I grew up in a single parent family in one of the most deprived areas in Scotland during the Thatcher years. Education and support of a loving family was what enabled me to now lead a relatively comfortable life. As was the case for many Scots, the independence referendum forced me to think carefully about my values and what kind of country will ensure young working class Scots had the same opportunities I had.
Last year when I looked at the SNP’s record in government, particularly on education, and the economic basis of their argument for independence, I could not conclude that what they offered would improve the lives of ordinary working class Scots. For that reason, I volunteered to support the Better Together campaign.
The very first event I took part in involved distributing leaflets at Waverley station with 10-15 other people ranging from students to senior citizens. We quite quickly discovered the pro-independence website Wings Over Scotland had asked its nationalist readership to photograph us. Although this was not illegal, many of the volunteers did find it intimidating.
My next brush with the ugly side of nationalism came when I was in the audience of a TV debate. During the show I was given the opportunity to ask John Swinney about the poor record of the SNP in funding and managing the NHS. Within 24 hours Wings Over Scotland had dedicated a page to me – including details of where I work, my email address and telephone number. Almost immediately, I was being emailed abuse by “cybernats”, with some even asking my employer to sack me.
The article on Wings Over Scotland was fantasy. It ranged from saying I had been planted in the audience to claiming I had tried to pass myself off to the BBC as an undecided voter. As these arguments fell apart the content was removed, but I received no apology. Eventually all that remained is text suggesting that I had sinister motives for openly having 3 Twitter accounts (work, personal & referendum). I can’t set the record straight on this as Wings Over Scotland offers no right of reply.
My story is not unusual. The final six months of the referendum campaign saw many people like me being attacked simply for daring to express an opinion. Just as with me, the attacks are hate filled and often simply designed to humiliate and intimidate, with those perpetrating the attacks often hiding behind anonymous internet accounts. Sad.
The intimidation of those who dare to question the SNP did not end with the referendum. I saw this first hand when I attended a Labour rally in Glasgow last month where Jim Murphy was due to speak alongside Ed Miliband, Margaret Curran and Kezia Dugdale. Outside the leisure centre where the event was taking place a sizeable mob of nationalist protesters, at least some of whom were SNP party members, had formed to welcome those attending the event.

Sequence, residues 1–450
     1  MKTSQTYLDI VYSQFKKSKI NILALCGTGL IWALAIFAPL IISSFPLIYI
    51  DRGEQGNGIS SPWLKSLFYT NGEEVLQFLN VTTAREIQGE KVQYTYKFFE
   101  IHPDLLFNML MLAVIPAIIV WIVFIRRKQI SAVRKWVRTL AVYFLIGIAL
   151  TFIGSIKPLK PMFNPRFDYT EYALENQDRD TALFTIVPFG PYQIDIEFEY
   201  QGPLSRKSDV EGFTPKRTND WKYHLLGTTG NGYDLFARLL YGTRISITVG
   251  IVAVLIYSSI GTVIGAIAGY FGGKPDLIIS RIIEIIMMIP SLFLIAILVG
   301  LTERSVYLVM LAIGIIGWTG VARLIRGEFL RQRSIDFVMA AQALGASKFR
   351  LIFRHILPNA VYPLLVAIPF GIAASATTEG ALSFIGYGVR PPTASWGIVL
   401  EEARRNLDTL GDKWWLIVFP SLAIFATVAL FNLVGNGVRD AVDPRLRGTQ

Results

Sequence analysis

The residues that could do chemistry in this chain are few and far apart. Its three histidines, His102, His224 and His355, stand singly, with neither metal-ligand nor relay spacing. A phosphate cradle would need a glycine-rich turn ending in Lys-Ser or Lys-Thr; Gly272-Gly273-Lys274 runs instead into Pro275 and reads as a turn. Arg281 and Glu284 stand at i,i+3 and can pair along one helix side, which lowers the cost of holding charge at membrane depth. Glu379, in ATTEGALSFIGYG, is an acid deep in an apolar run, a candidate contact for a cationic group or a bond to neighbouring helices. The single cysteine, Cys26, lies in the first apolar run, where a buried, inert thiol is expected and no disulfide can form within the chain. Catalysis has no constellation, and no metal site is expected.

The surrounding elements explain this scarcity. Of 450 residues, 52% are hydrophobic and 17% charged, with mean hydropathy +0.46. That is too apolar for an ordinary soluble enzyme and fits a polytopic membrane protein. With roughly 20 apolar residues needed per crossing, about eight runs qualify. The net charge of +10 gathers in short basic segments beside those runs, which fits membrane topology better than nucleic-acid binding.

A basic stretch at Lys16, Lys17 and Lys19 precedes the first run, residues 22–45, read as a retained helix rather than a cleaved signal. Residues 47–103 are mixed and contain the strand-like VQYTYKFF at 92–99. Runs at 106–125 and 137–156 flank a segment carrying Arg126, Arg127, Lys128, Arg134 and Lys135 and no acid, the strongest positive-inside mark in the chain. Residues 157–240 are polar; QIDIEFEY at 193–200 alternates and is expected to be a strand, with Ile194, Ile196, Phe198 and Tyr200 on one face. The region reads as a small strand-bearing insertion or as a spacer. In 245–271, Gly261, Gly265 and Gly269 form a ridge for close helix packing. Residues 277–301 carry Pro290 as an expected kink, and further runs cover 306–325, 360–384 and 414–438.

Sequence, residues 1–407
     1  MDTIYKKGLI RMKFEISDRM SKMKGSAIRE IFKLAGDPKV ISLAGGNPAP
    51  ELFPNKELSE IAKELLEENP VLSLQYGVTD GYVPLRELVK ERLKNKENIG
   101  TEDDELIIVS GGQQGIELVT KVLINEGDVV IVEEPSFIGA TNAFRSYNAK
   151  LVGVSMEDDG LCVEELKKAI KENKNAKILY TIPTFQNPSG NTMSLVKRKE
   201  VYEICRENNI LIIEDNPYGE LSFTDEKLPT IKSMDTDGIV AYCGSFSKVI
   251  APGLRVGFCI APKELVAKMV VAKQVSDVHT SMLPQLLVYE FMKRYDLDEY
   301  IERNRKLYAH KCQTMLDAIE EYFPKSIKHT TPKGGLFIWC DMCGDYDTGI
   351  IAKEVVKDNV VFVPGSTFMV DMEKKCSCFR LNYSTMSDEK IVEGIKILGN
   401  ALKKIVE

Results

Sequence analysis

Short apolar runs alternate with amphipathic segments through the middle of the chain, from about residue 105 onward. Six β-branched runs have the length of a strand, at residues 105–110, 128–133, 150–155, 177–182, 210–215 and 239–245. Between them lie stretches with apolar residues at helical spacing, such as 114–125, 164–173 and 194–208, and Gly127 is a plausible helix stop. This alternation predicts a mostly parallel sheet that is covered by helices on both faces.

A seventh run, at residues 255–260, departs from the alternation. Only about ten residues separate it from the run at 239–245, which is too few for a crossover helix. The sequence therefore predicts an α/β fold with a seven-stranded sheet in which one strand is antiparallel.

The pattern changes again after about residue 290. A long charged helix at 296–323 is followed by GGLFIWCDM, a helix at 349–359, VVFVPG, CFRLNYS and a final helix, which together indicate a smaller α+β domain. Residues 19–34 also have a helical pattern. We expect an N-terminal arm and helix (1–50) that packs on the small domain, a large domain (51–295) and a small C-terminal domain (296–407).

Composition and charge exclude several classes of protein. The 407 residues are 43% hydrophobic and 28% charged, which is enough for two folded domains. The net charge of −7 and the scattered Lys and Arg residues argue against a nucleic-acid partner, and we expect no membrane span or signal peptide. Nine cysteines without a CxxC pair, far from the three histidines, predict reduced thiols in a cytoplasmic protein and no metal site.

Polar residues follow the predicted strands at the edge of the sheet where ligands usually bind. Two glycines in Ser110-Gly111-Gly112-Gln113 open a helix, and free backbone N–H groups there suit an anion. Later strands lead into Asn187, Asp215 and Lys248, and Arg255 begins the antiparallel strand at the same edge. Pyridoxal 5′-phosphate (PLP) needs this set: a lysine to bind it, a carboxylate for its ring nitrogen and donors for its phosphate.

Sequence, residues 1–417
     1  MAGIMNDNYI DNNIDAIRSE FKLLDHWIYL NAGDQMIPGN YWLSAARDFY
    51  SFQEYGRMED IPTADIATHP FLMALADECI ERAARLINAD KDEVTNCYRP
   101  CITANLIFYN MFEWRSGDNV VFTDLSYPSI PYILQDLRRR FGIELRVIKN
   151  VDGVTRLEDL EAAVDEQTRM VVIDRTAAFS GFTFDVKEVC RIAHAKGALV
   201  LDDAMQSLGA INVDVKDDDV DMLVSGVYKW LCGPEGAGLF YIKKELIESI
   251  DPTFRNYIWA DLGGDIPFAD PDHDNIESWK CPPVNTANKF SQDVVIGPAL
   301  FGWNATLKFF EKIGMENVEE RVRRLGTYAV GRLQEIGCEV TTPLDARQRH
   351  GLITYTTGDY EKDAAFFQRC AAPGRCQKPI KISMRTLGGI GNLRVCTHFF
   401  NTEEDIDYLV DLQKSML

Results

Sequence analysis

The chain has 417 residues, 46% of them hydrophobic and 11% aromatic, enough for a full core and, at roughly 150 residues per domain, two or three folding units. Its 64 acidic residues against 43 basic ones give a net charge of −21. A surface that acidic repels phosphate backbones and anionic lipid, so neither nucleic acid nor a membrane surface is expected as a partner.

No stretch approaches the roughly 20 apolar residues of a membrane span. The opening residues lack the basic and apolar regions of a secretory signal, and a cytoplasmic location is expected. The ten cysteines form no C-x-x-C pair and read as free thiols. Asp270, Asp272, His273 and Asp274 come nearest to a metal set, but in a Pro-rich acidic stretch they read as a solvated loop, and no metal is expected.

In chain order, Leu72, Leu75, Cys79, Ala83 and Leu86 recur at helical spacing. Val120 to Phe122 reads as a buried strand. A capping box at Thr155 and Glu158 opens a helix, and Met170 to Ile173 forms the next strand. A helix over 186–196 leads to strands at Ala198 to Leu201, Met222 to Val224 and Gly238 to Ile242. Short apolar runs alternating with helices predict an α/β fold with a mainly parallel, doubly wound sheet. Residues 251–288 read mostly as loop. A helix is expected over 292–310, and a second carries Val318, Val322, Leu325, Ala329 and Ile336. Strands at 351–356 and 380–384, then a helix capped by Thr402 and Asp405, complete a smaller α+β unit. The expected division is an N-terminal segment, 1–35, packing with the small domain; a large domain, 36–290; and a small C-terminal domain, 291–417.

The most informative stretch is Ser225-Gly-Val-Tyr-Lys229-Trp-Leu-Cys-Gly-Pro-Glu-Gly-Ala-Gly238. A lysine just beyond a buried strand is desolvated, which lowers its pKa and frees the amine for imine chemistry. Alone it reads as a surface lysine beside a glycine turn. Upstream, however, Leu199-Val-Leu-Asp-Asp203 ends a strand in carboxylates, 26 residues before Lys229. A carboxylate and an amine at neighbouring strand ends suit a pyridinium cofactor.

Intimidation was their tactic. They angrily waved saltires, screamed “Red Tories Out” and swore in the faces of those attending the event and families intending to use the swimming pool. One protester took a close-up picture of every single person who entered the venue – men, women and children. Worst of all, I saw one nationalist make a sexual gesture towards a young female Labour Party supporter.
The irony of chanting “Red Tories Out” when Labour is not actually in power in Westminster or Holyrood was clearly lost on this humourless bunch. Likewise, the fact that the SNP apparently wants to work with Labour.
Inside the venue most people were bemused by the protest and grateful for the sizeable police presence. However, some people were clearly shaken and fearful. Children were crying. Personally, I felt a little disappointed that a group driven by hatred and bitterness, not a love for Scotland, were intimidating people whilst waving my country’s flag.
My most recent encounter with cybernats came on Sunday. During the BBC debate in Edinburgh I had a chance to make a legitimate point to Nicola Sturgeon about her party voting against the living wage five times. Almost instantly I was being attacked online as a “Labour Nazi” and “henchman” who had been “planted in the audience”. Not one of the dozens of comments mentioned the living wage.
I fundamentally believe in freedom of speech. I also have no problem with politicians being heckled where they are avoiding questions or misleading people – it is part of our political culture. However, there is a stark contrast between heckling and shouting people down. Furthermore, the type of personal abuse we are increasingly seeing directed at ordinary Scots by nationalists is sickening. I absolutely accept that the SNP do not organise these attacks on our streets or online, but I also believe that Nicola Sturgeon could do more to stop them. The SNP’s involvement in the attacks against Charlie Kennedy should have been a trigger for action by Nicola Sturgeon. The same could also be said about the comments made by and Michelle Mone.
Even in my own constituency of Edinburgh South the choice in the General Election was between Labour’s Ian Murray, who was attacked by Wings Over Scotland after he mentioned his office was vandalised by nationalists, and an SNP candidate personally endorsed by Nicola Sturgeon who was exposed as using an anonymous internet account to insult people. You can guess who I voted for.